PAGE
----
After living away from Notre Dame for four months, students planning to study abroad next fall may not be able to return to their current homes on campus for the Spring Semester.
Problems arise when a residence hall has a greater number of students going abroad in the fall than the spring. With a limited number of rooms opening up in the spring, halls cannot guarantee accommodations to all returning residents.
Jeffery Shoup, director of Residence Life and Housing, said this problem is not uncommon.
“Every spring there are a few dorms where there are more students returning from abroad than who are leaving,” he said. “[Next year], it is likely that a few halls will have this issue.”
Pangborn is one dorm currently attempting to resolve the issue. With 24 residents traveling abroad in the fall and only 14 departing in the spring, the hall will likely have to turn 10 students away.
Lisa Edwards, a sophomore from Pangborn who will be studying in Dublin in the fall, said her dorm organized a random lottery with the 24 girls who will be gone first semester. The top 14 will be able to return to Pangborn, but the remaining 10 will have to find other housing.
Edwards received a number in the bottom ten.
“It’s understandable that it all happens, but it’s just a bummer,” she said. “Dorm life is such an important part here, and now there’s no way to possibly get back into your own dorm.”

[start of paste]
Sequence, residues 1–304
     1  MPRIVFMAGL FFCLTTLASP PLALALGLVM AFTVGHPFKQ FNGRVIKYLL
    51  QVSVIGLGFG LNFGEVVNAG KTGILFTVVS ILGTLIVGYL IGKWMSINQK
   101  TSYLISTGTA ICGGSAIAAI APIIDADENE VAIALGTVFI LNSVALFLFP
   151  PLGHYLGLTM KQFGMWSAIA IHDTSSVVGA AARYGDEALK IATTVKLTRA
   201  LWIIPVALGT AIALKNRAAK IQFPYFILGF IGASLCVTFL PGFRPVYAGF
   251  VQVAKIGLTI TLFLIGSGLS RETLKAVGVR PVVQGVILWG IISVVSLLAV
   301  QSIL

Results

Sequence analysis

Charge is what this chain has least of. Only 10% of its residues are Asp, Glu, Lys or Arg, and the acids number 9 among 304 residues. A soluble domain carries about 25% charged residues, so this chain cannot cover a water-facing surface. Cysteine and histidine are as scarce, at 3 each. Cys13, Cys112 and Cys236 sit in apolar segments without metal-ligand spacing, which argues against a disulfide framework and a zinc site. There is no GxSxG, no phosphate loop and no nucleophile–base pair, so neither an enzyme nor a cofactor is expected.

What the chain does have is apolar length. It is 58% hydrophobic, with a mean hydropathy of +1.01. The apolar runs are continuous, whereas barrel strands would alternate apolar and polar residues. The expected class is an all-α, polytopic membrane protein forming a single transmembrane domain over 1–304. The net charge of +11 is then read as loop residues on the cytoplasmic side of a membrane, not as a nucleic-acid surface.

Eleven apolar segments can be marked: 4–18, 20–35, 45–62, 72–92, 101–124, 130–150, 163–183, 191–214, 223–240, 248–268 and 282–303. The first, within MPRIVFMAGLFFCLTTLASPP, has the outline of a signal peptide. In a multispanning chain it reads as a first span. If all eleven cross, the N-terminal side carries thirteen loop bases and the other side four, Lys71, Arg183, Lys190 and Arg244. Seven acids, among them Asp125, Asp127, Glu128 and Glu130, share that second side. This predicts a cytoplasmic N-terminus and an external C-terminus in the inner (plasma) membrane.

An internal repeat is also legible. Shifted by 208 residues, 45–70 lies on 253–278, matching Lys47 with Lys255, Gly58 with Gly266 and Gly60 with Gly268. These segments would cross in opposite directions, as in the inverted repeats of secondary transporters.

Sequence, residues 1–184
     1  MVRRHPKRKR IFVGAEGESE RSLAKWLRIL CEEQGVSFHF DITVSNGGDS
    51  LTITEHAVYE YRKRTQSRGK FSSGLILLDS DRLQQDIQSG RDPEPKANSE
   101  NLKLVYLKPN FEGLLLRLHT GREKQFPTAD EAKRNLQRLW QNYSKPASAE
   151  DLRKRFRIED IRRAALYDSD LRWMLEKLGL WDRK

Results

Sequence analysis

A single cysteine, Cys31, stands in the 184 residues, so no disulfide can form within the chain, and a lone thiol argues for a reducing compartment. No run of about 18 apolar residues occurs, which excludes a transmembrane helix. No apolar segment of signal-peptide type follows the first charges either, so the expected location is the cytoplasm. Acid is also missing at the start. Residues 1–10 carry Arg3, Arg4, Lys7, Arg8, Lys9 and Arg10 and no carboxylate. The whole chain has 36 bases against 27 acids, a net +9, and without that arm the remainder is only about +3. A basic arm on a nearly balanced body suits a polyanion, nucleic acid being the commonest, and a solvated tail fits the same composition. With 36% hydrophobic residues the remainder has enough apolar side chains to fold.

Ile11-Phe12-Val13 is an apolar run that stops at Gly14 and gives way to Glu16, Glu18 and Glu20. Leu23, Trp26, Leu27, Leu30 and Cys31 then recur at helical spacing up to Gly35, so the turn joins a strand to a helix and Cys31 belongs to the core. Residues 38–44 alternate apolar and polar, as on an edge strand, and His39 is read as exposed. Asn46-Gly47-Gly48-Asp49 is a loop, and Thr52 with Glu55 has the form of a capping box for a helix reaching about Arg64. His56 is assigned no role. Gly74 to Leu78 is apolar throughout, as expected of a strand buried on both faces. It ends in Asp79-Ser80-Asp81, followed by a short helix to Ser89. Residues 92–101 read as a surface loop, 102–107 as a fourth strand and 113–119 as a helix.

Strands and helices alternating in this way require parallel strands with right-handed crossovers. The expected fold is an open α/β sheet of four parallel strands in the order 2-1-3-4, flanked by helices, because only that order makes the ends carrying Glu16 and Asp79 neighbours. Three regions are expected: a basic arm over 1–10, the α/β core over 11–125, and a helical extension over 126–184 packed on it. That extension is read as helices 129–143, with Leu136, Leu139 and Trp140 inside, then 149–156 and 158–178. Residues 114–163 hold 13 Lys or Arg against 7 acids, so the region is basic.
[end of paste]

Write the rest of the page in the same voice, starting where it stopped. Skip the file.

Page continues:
Betsy McGovern, another sophomore in the bottom 10 of the lottery, said Pangborn’s rector, Sister Mary, indicated she will try to take the girls’ wishes into consideration.
“Because of its proximity to Pangborn, I would prefer to live in McGlinn,” McGovern said. “My rectress will help me and the other nine girls figure out a rooming situation that best suits us.”
If McGovern or the other nine Pangborn students wish to remain on South Quad, Badin Hall could be a potential home for the spring.
Sr. Denise Lyon, rector of Badin, said only three girls from her hall will be going abroad in the fall, compared with 12 or 14 leaving in the spring. These numbers are similar to those of past years.
“It’s been a coincidence that many more go in the spring than go in the fall, so Badin does indeed take in people who can’t get back into their own hall,” she said.
Although Sister Denise generally tries to resolve rooming for next spring this year, she said many rectors wait until fall since students’ plans often change.
“Just because you don’t have room now doesn’t mean it’s not going to open up in the fall either,” she said.
“And that happens quite often — that right now it looks like there’s not going to be enough rooms and come the fall there are enough rooms.”
McGovern said she is frustrated that she may not know her living situation until she returns from Dublin in the spring. However, she is planning on spending a great deal of her time in Pangborn regardless of where she lives.
“I love my dorm and the people in it so much,” she said. “I don’t want to drift away from the connection I have to my dorm now.”
Kat Wilson, another Pangborn sophomore who will not be able to return to her dorm after a semester in Fremantle, Australia, said she understands housing planning can be complex, especially since Pangborn is one of the smaller female dorms.
“I honestly have no idea where I am going to be living in the fall,” Wilson said. “But as long as I am guaranteed to live on campus, I’ll be happy.”